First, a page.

Ascent to Gannett Peak-Gooseneck Ridge on 1992-09-03

Climber: Greg Slayden

Other People:Solo Ascent
Only Party on Mountain
Date:Thursday, September 3, 1992
Ascent Type:Unsuccessful - Turned Back
    Motorized Transport to Trailhead:Car
Point Reached:Gannett Peak - Gooseneck Ridge
    Elevation:12850 ft / 3916 m
    Remaining Elevation:954 ft / 291 m (16% left to go)

Ascent Trip Report

Tuesday, September 1:

Back on U.S. 189 I resumed my northward journey, passing through Daniel, WY before hanging a right onto U.S. 191, which led me after about ten minutes to Pinedale, the large (for Wyoming) town at the base of the Wind River Mountains, their snowy summits barely visible above the foothills outside of town. I hadn't yet had breakfast, so I found a down-home restaurant where I had a massive meal of eggs, toast, hash browns, and bacon, figuring that I'd need the calories. After this I found the Skyline Drive at the east end of Pinedale and drove uphill for twenty minutes on the nice, paved road to Elkhart Park, the parking area where the trail to Gannett Peak started.

Gannett Peak, 13,804 feet, is the highest mountain in Wyoming, beating out the more famous Grand Teton by a mere 34 feet. Located in the heart of the remote Wind River Range, any attempt on it involves a long approach hike. I had made an extremely feeble attempt on the peak in May of 1989, driving up almost to Elkhart Park until my car was halted by snow on the road. I had then skied up the Pole Creek trail a ways, lost the trail in the snow, and decided to abort my attempt after only a mile. On the way back my car got stuck in the snow on the road, and I dislocated my shoulder digging it out. All in all, not a very successful trip, and with the prospect of less snow I was determined to make amends for my blundering of three and a half years prior.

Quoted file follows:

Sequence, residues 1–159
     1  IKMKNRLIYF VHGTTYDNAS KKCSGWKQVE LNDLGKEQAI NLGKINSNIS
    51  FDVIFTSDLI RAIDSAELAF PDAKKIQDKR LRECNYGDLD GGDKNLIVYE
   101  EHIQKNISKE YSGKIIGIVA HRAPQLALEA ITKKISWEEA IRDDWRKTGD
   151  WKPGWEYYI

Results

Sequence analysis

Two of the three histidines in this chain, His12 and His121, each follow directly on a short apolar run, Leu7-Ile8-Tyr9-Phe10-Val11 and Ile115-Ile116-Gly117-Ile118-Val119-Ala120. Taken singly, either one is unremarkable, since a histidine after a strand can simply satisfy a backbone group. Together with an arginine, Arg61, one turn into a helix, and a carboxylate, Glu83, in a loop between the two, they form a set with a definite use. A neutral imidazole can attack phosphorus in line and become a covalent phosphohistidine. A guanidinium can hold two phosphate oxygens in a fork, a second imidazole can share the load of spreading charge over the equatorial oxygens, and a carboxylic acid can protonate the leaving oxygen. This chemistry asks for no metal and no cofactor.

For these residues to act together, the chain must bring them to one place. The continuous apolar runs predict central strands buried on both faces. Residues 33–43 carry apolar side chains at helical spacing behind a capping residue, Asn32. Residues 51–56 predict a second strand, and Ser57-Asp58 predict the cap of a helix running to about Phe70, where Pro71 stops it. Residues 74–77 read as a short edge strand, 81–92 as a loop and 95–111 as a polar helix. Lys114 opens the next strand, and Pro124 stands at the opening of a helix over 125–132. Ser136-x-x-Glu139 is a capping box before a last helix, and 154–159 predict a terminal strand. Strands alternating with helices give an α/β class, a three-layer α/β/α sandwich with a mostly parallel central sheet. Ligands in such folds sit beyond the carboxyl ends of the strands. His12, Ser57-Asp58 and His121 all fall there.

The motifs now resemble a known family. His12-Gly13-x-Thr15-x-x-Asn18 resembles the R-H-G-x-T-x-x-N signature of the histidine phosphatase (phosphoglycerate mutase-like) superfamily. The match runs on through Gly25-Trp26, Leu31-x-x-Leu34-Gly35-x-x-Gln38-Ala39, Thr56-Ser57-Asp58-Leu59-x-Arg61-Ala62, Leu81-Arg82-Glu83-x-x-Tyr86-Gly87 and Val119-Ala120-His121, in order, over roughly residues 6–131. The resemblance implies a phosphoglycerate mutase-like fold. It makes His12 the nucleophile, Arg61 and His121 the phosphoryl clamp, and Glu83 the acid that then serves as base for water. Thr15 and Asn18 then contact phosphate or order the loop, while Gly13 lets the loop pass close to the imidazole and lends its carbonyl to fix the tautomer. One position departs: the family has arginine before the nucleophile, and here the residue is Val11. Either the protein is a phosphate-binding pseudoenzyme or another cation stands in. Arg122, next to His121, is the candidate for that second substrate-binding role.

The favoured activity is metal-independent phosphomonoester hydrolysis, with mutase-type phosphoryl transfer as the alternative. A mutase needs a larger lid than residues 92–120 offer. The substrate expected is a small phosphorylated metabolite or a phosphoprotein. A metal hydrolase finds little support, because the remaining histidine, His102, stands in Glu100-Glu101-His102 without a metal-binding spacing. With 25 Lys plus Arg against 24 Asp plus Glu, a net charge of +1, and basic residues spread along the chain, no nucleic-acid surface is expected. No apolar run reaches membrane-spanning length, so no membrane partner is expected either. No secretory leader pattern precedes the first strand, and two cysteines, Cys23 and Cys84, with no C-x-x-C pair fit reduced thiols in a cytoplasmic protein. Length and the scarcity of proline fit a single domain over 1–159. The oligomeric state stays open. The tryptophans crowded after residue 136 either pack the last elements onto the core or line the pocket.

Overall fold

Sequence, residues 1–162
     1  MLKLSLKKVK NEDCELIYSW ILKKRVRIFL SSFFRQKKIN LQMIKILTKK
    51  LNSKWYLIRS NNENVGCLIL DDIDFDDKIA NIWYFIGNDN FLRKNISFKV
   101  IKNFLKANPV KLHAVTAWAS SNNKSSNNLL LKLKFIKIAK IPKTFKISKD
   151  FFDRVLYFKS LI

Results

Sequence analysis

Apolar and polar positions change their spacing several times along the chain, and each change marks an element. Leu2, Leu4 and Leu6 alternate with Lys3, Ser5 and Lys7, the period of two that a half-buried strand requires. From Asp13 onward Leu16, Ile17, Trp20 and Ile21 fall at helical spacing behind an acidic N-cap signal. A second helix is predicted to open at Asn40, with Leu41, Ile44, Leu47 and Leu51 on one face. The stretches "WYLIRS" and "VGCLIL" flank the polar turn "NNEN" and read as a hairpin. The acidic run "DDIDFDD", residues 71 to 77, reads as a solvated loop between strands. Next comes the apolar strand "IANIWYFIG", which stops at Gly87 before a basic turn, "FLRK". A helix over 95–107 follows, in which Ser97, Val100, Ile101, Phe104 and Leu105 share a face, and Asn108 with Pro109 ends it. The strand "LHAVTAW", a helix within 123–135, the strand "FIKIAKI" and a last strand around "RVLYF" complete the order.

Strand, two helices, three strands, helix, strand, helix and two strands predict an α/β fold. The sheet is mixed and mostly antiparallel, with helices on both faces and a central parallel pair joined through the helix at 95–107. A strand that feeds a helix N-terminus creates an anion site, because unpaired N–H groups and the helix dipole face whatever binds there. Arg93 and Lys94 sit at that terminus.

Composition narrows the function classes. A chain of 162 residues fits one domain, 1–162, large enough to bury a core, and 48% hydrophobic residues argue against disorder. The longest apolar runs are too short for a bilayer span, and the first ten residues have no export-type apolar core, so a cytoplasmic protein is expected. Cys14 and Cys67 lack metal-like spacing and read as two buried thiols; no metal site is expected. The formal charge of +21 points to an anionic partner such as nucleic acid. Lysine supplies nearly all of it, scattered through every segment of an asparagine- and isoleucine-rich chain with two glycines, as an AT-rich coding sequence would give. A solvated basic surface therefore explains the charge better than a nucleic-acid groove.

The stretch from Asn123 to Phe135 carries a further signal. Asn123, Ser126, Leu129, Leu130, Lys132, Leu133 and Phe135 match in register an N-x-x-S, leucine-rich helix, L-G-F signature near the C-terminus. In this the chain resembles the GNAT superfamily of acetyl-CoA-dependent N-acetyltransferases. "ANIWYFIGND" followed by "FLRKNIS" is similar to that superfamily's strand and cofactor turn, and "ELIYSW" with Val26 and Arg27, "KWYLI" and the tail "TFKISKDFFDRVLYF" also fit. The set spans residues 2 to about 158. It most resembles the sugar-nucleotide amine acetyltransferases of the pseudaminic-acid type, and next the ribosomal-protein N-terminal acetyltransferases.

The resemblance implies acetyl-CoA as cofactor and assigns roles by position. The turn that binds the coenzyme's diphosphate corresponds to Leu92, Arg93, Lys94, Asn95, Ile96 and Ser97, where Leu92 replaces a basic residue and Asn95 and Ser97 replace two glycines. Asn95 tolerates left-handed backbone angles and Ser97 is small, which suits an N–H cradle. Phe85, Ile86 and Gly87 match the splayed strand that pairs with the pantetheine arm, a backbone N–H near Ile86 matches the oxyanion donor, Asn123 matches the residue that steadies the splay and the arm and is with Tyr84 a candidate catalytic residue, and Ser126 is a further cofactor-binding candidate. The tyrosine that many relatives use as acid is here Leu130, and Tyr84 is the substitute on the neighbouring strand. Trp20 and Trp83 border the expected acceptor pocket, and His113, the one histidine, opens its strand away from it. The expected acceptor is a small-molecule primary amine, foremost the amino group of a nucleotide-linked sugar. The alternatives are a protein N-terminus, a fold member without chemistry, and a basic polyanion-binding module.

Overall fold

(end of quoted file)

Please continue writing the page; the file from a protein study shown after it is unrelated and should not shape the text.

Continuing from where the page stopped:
At Elkhart Park I spent a good long time getting packed up in the crowded parking lot under humid, cool, clearing skies. I anticipated being out for about five days, so I brought lots of food. I even got my new MSR stove to work for the first time in the back of my station wagon--apparently the white gas was a big help--and brought that, too. While I was jamming my tent, mattress pad, sleeping bag, clothes, and other junk into the pack I was accosted by a ranger who made sure I knew the camping regulations, saw another hiker start off, and, maybe because I had drank too much at breakfast, had to make multiple trips to the outhouse at the trailhead.

By 9:00 A.M. or so I was ready to go, so I hoisted my horribly heavy pack onto my back and started up the Pole Creek Trail. I signed out at the register a little way up the trail, and was soon plodding up the gentle slope through a forest that I remembered from my brief 1989 trip. Once the narrow meadows in the little valley to my left disappeared, I began to look for the place where I had lost the footway in the snow back in 1989, but the heavily-used trail just went on through the forest without any serious turns or anything, so I couldn't figure out where I had gone wrong.